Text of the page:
“We made our decision by the: end

– Prose: 3

– Thing you might consider:

This was ironic and mildly amusing, but too detached to be interesting; I wasn’t engaged by the narrator. Overall, it just wasn’t as fun as it was meant to be. The moral is delivered quite bluntly, and could do with more subtlety.”

Nice of them to do this–and helpful. This confirms what I had already suspected about the piece — it’s very much in Fairy Tale style and that distances the reader from it a bit. I even wrote: “re-sub, or finally admit that this story’s tone doesn’t work?” However, I do still hope I can find a home for it as is, where the tone fits the publication. As to the last point, about the moral being there in your face … well, I’d done that deliberately, but the point was well taken and after looking it over some, I changed that section a bit to make it a wee more subtle.

Day 17: I debated between two stories today — a mad scientist piece and a down-and-dirty post-apocalyptic romp with a slightly-mutated post-poc family. In the end, I decided to go with a quirky semi-Bizzaro short story about love: “This Heart in a Box.” Where to? Fantasy and Science Fiction Magazine. Why not? It’s a bit lyrical. Crossed fingers.

Day 18: Okay, here we go with “Of Fathers and Unicorns” again. This time to a magazine called Capricious out of New Zealand that likes sci-fi, fantasy, and hedgehogs. Alas, there are no hedgehogs in the story. There is an even better market for this story, I think, but they have themed issues and they haven’t released the 2017 themes yet, so if Capricious doesn’t take it, “Of Fathers…” will go on hiatus until that magazine has a theme that fits. My plan for the day was also to work on a submission package for one of my novels. That ended up not happening, alas.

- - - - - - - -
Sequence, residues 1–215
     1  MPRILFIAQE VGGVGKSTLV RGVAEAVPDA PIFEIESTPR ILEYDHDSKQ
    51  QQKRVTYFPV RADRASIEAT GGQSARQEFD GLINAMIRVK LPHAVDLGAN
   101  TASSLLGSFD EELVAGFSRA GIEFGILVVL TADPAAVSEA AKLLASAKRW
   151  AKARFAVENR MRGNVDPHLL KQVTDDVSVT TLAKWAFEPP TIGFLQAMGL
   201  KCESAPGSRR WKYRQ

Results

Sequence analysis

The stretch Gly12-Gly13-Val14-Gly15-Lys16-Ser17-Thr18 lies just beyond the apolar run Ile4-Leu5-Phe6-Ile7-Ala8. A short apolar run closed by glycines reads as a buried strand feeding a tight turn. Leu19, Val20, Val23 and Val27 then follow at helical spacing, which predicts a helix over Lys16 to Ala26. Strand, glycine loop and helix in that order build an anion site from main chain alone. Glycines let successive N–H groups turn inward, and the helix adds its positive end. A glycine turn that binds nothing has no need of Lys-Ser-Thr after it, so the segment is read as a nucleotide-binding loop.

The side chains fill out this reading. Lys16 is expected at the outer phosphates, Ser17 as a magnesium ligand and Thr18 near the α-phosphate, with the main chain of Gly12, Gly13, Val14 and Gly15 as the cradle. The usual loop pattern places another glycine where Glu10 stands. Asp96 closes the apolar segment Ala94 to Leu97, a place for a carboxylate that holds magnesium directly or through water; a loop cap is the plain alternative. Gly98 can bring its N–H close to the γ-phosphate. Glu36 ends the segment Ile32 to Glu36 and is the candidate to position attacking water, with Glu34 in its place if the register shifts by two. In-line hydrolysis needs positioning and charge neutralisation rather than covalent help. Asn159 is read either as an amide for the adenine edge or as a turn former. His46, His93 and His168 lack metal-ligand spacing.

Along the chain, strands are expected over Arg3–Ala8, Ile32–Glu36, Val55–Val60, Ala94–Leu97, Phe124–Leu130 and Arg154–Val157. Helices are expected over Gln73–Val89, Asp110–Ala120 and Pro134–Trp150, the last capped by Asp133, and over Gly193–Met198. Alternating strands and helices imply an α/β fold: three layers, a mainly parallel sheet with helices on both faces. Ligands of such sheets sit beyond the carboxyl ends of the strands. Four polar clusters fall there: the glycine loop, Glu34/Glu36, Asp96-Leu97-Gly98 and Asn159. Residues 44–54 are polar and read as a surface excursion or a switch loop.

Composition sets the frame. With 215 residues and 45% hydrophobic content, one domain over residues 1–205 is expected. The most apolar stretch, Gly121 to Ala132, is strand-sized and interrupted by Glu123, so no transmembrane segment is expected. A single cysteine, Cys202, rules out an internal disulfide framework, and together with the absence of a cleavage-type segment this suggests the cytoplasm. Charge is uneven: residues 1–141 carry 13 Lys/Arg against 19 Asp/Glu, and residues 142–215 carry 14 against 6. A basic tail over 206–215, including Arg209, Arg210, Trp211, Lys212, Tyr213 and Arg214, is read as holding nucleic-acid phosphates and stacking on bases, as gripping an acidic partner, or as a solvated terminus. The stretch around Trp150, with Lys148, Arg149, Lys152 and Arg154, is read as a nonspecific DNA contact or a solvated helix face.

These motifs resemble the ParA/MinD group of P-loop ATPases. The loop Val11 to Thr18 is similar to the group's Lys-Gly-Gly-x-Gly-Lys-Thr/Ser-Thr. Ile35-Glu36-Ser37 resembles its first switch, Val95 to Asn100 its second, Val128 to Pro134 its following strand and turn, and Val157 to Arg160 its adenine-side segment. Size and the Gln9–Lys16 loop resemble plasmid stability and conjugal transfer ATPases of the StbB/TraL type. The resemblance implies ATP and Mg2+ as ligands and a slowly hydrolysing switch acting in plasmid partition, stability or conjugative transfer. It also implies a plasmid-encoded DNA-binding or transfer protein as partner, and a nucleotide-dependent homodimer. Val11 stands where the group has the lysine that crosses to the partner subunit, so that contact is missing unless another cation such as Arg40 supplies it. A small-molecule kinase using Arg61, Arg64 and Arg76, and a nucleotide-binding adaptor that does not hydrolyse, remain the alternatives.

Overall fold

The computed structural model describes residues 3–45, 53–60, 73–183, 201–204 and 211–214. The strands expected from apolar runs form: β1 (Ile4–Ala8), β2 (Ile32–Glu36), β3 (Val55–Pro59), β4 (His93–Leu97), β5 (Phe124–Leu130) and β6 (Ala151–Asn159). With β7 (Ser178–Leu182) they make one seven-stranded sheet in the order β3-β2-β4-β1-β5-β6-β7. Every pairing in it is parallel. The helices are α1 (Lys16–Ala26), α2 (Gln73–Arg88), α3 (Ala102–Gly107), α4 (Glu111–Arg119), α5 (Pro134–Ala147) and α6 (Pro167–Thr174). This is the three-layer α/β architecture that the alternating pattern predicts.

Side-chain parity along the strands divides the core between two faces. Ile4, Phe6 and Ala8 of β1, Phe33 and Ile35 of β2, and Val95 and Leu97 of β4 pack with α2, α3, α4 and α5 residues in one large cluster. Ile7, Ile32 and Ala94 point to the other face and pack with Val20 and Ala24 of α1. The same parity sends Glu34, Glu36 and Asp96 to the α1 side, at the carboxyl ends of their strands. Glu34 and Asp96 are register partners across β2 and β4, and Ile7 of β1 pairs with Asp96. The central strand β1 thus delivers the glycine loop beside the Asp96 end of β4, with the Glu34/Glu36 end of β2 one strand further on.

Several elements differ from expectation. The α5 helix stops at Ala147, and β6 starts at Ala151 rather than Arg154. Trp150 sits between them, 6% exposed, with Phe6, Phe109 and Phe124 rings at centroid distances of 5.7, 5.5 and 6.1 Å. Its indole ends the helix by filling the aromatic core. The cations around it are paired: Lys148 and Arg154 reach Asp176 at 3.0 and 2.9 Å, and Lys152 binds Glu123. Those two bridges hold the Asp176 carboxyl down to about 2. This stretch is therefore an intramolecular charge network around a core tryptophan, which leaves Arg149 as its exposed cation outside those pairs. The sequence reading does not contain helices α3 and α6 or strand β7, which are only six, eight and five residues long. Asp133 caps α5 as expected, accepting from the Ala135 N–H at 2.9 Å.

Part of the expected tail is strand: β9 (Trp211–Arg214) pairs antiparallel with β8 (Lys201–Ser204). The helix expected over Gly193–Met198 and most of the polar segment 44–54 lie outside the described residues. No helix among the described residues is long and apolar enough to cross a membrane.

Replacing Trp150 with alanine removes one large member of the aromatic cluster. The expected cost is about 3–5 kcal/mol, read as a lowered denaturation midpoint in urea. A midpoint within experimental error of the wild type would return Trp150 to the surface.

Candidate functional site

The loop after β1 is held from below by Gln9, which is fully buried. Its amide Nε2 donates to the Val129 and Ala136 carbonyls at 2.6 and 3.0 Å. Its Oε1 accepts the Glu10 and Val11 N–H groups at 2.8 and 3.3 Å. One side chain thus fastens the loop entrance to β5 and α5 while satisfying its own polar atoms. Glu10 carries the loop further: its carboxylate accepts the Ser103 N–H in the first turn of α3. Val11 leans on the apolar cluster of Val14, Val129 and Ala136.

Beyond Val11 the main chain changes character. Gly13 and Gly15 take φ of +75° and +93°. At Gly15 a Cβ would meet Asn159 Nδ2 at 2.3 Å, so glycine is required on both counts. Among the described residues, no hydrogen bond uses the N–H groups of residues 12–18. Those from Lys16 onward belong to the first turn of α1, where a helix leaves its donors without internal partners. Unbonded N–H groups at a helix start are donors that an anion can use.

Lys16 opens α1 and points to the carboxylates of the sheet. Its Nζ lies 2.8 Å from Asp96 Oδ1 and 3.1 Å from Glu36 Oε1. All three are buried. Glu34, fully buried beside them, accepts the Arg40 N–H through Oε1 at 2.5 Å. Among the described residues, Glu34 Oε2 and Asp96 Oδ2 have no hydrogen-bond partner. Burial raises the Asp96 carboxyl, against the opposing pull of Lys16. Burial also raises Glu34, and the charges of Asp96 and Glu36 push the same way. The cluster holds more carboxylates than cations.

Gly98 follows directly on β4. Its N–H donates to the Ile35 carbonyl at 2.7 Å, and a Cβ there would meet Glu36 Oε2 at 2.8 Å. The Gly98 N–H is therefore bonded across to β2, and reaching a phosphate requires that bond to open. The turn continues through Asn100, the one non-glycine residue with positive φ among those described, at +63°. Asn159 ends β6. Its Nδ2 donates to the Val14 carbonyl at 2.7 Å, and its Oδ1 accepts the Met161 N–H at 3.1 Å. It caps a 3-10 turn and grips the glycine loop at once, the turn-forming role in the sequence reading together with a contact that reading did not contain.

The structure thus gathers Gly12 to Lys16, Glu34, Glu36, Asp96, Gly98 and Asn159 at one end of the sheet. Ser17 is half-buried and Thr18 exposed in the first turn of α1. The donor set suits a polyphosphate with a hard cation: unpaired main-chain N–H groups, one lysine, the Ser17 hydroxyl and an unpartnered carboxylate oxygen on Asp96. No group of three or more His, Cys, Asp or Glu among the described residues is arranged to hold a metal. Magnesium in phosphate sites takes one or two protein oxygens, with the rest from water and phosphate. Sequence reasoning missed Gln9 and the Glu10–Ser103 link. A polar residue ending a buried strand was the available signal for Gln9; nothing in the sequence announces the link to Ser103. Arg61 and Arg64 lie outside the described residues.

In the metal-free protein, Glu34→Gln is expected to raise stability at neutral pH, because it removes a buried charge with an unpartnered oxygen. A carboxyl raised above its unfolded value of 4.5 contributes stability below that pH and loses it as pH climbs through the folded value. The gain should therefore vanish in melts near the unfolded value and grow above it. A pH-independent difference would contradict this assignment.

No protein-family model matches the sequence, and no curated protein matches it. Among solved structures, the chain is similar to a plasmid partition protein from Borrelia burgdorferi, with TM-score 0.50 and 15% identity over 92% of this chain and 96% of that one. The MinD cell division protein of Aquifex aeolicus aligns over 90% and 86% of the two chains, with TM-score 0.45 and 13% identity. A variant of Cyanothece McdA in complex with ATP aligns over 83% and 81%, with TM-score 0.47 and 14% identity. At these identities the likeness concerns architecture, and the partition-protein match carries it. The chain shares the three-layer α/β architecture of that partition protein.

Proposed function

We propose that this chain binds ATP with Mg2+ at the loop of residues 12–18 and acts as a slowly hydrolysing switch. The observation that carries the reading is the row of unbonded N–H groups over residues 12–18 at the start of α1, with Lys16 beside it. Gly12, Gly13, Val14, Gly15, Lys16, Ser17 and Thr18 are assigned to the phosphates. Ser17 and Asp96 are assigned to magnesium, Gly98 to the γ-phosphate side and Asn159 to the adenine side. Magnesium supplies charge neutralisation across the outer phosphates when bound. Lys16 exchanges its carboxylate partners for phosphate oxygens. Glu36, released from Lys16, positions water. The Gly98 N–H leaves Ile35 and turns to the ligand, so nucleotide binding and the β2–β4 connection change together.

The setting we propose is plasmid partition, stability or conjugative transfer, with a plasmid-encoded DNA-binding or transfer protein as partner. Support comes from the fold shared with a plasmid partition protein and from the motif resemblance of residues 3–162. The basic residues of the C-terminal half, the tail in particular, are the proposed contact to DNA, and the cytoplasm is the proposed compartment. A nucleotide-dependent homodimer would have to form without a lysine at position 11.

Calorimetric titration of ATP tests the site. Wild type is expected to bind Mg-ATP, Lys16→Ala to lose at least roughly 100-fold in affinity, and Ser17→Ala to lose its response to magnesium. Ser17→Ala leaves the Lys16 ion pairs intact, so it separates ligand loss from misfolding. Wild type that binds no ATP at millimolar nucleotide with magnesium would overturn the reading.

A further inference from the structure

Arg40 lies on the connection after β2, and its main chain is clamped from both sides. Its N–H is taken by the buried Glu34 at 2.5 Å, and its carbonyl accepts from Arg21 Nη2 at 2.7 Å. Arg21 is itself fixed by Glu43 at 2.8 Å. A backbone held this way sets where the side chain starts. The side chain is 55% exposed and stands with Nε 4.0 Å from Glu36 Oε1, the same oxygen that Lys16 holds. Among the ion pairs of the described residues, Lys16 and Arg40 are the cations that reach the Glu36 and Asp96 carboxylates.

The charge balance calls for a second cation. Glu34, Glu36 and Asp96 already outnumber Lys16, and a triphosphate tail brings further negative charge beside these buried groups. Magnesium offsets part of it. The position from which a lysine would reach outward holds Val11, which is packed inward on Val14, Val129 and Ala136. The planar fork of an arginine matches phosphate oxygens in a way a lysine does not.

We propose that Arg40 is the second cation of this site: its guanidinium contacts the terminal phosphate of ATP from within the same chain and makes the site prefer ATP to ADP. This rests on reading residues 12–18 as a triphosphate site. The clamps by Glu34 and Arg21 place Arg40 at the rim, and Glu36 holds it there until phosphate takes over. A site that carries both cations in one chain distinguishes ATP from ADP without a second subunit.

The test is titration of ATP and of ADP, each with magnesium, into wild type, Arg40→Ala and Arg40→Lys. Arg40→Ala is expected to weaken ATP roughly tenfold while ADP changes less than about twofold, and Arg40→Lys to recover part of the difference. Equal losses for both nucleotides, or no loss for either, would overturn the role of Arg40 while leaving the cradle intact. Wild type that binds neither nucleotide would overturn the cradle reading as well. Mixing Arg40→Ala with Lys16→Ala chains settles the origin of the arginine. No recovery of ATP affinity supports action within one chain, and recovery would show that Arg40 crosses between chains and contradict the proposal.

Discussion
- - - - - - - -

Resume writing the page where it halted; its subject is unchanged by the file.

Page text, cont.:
Day 19: “This Heart in a Box” was rejected by F&SF (not a huge surprise) and so it goes into an immediate turnaround and heads off to the horror magazine Black Static. We shall see what we shall see, as a friend of mine says all the frickin’ time.

Day 20: What we found was a rejection even as I typed the above. Fast turnaround, but what looks like a personal rejection (has the name of the piece in it and invites me to submit more, anyway). I like the look of Black Static, so I’ll definitely be tailoring some pieces toward publication there. This rejection comes late in the day, but also late in the day on a day I chose not to send anything out. This is not the same as meaning I didn’t work on submissions today. I considered sending the aforementioned post-apocalyptic mutant family farce”Girl Trouble” (with it’s new title, “Welcome to the Squish”) to Grimdark magazine, but it needs to go through a vetting still. There are some questionable aspects to the story and I’m not sure I want it to go out like it is.  And that’s the last of the stories I have in the queue that are ready to go save one … and I want to send that one to a top-tier/top-pay first. I’d also halfway planned on sending off a query packet to an agent about one of my novel-length works, but the research/prep work on that was going to take too long to accomplish in the time I had available today. So, that means no … Ah, but you know what? I do have a story I can send out. The one I just got back. Metaphorosis prefers that authors submit no more than 5 stories per month. This would be #2 … I’ll be right back … alrightie then–I just made that happen.